“Of course. Many people come and ask that,” she says, standing aside to give me room to enter. “Go in, look around. We’re getting ready for a game, but you can go look.”
I do. It’s oddly thrilling. 

I thank her when I leave. I walk around all day, see the Höfđi house where Reagan and Gorbachev met, have lunch at a vegan restaurant that also sells records, go to Loki Café which sits across from the Hallfrimskirkja church and drink a Priest’s Coffee which has a dash of Iceland’s signature alcoholic drink Brennivín (also known as The Black Death which has something to do with prohibition and the black label with a skull which had been on the original bottles), crash an art exhibit opening for the free wine, and end up at Sundhöllin Local Baths where I soak in the geothermal pools. There the snow touches down on my upturned face. There the 107.6 degree water relaxes my tired muscles. There the 50 degree ice bath gives me the adrenaline to probably live forever. There the steam rises up into the open sky. I stay for a few hours.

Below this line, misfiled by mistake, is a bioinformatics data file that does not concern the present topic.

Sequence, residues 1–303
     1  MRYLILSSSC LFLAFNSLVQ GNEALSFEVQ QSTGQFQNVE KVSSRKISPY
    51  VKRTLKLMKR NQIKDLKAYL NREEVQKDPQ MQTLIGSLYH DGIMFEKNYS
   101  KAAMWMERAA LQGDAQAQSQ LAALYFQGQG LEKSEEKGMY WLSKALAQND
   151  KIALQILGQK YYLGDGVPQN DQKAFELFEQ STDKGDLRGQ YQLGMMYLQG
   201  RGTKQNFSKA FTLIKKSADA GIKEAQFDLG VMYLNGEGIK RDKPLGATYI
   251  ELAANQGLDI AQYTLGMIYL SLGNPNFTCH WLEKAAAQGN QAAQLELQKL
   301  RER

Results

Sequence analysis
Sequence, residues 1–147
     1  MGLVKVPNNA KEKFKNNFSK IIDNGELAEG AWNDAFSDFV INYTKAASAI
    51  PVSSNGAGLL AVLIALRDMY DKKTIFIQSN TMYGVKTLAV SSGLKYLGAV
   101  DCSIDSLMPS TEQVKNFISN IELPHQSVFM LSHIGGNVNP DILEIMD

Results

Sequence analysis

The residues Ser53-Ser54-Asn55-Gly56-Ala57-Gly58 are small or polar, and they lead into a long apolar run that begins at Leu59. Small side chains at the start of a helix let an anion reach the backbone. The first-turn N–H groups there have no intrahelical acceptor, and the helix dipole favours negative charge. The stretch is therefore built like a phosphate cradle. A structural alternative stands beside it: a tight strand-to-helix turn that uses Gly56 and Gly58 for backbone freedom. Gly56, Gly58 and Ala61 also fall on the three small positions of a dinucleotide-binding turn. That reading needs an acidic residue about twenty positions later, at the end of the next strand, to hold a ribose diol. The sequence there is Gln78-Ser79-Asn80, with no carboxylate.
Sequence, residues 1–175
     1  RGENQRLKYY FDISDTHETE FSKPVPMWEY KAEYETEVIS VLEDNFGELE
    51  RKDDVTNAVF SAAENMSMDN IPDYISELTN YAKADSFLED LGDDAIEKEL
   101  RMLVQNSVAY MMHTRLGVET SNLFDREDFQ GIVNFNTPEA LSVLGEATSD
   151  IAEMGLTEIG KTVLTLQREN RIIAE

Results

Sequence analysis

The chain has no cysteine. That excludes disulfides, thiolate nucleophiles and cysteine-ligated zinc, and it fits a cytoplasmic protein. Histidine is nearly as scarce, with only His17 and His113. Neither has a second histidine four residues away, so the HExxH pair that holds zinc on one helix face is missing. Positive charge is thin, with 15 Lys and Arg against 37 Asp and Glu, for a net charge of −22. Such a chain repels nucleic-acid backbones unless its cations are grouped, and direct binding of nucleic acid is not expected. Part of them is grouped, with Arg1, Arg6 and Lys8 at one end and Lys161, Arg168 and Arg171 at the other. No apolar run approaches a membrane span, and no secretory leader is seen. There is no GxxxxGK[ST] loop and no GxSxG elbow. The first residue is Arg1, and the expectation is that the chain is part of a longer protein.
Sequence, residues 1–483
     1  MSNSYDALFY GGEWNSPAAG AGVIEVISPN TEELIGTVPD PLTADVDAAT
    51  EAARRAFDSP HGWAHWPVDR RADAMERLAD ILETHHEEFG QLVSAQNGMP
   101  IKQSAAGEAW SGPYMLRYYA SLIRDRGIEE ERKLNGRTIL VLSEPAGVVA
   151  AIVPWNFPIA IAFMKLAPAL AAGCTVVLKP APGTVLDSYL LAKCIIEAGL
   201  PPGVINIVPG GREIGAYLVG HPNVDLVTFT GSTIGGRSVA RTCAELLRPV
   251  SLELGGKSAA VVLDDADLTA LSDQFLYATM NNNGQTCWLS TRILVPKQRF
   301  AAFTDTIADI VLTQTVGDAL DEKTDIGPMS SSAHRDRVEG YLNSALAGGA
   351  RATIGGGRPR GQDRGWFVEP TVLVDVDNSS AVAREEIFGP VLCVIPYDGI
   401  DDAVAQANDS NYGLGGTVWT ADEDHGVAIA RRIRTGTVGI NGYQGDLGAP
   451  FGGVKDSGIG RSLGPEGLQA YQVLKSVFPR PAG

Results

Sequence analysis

In the morning when I check out I offer the crampons to the clerk.
“Someone gave these to me. Can you use them?”
“This is perfect,” she says. “Many guests ask after these. These are really good.” She takes them from me and immediately turns to the guy who’s preparing to go out into the city. “Do you want these?”
After she explains to him what they are and we both instruct him on how to put them on correctly, he thanks us and heads out into the snow.
As I shoulder my pack and head for the door, the clerk tells me again, “Thank you for the crampons.”
I say the proper things in response, but in reality, what could I do but pay it forward? In the end, you know, I’d also like to be as kind as the grass is green.